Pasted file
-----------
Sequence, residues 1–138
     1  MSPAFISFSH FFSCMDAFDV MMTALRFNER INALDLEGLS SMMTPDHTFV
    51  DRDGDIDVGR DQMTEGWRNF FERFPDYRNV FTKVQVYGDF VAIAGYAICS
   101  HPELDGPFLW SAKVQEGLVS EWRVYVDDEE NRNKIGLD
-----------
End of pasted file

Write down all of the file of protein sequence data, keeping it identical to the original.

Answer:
Sequence, residues 1–138
     1  MSPAFISFSH FFSCMDAFDV MMTALRFNER INALDLEGLS SMMTPDHTFV
    51  DRDGDIDVGR DQMTEGWRNF FERFPDYRNV FTKVQVYGDF VAIAGYAICS
   101  HPELDGPFLW SAKVQEGLVS EWRVYVDDEE NRNKIGLD